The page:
Artists and creative workers have long been attracted to urban environments. Yet the ‘creative city’ of the 21st century comes with its own pitfalls. From precarity at the level of the worker to gentrification at the level of the city: the creative engine starts to sputter. Therefore, after or even against the creative city, this book explores the rise of the ‘common city’. What is the value of commoning for cultural practices in urban contexts? The volume defends the hypothesis that a common culture offers better guarantees of urban sustainability than a purely market- or government-driven culture. After all, cultural dynamics are only possible by sharing. We understand culture in a broad anthropological sense, as a socially shared sign and meaning system through which urbanites can give meaning to their environment and their lives. Creative labour and artistic practices keep cultural dynamics alive by intervening in such processes of meaning. They can question, redraw or simply confirm meaning-making processes, habits, values and norms. That is why culture is too important to be left to the market and the government alone. Culture belongs to everyone. The Rise of the Common City examines the value of commoning for culture, but also the value of culture for commoning. What is the culture of the commons? And vice versa, what strategies, norms and rituals do commoners use to define a common space between government and market? The book sketches answers to these questions through conceptual and empirical work, ranging from sociology and philosophy over urban and cultural studies to law and policy science. The volume includes contributions by Walter van Andel, Iolanda Bianchi, Gideon Boie, Giuliana Ciancio, Lara García Díaz, Pascal Gielen, Arne Herman, Gökhan Kodalak, Thijs Lijster, Lara van Meeteren, Hanka Otte, Ching Lin Pang, Tian Shi, Stavros Stavrides, Maria Francesca De Tullio, Louis Volont and Bart Wissink. If there is any conclusion to be drawn, it might be this: the future of culture will have to be common, or there will be no culture at all.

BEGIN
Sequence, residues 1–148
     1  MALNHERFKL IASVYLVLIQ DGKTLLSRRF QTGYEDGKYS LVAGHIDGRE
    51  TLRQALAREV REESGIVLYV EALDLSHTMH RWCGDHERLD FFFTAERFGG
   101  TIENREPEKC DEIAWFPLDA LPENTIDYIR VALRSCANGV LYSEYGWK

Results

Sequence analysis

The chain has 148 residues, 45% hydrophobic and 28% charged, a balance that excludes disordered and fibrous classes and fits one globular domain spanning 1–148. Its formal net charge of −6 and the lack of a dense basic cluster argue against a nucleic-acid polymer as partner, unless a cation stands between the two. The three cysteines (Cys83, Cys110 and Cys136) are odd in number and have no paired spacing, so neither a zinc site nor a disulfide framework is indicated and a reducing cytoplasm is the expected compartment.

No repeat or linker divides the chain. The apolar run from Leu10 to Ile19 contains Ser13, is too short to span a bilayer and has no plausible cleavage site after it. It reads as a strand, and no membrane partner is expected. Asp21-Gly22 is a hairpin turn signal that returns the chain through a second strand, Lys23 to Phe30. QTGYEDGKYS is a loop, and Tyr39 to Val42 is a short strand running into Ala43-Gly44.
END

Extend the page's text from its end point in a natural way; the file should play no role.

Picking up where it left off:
Louis Volont is a sociologist. He is a Fulbright visiting scholar at MIT’s School of Architecture & Planning (Program in Art, Culture & Technology) and a postdoc at the HafenCity University Hamburg. He studied sociology in Leuven and Milan, and defended his PhD in 2021 at the University of Antwerp (Shapeshifting: The Cultural Production of Common Space, Antwerp University Press). Louis investigates processes of urban future-making, urban commoning, socio-technical imaginaries and the work of Henri Lefebvre. His work has been featured in journals such as Antipode, City & Community and Social Inclusion. Thijs Lijster is assistant professor of philosophy of art and culture at the Faculty of Arts of the University of Groningen, and was a postdoc researcher at the Culture Commons Quest Office of the University of Antwerp. He published Benjamin and Adorno on Art and Art Criticism. Critique of Art (2017), was editor of The Future of the New (2018), and coeditor of De Nieuwe Duitse Filosofie (The New German Philosophy, 2013), De Kunst van Kritiek (The Art of Critique, 2015), and Spaces for Criticism. Shifts in Contemporary Art Discourses (2015). Pascal Gielen is full professor of sociology of art and politics at the Antwerp Research Institute for the Arts (Antwerp University – Belgium) where he leads the Culture Commons Quest Office. Gielen is editor in-chief of the international book series Arts in Society. In 2016 he became laureate of the Odysseus grant for excellent international scientific research of the Fund for Scientific Research Flanders in Belgium. His research focuses on creative labour, the institutional context of the arts and on cultural politics. Gielen has published many books which are translated in English, Korean, Polish, Portuguese, Russian, Spanish and Turkish.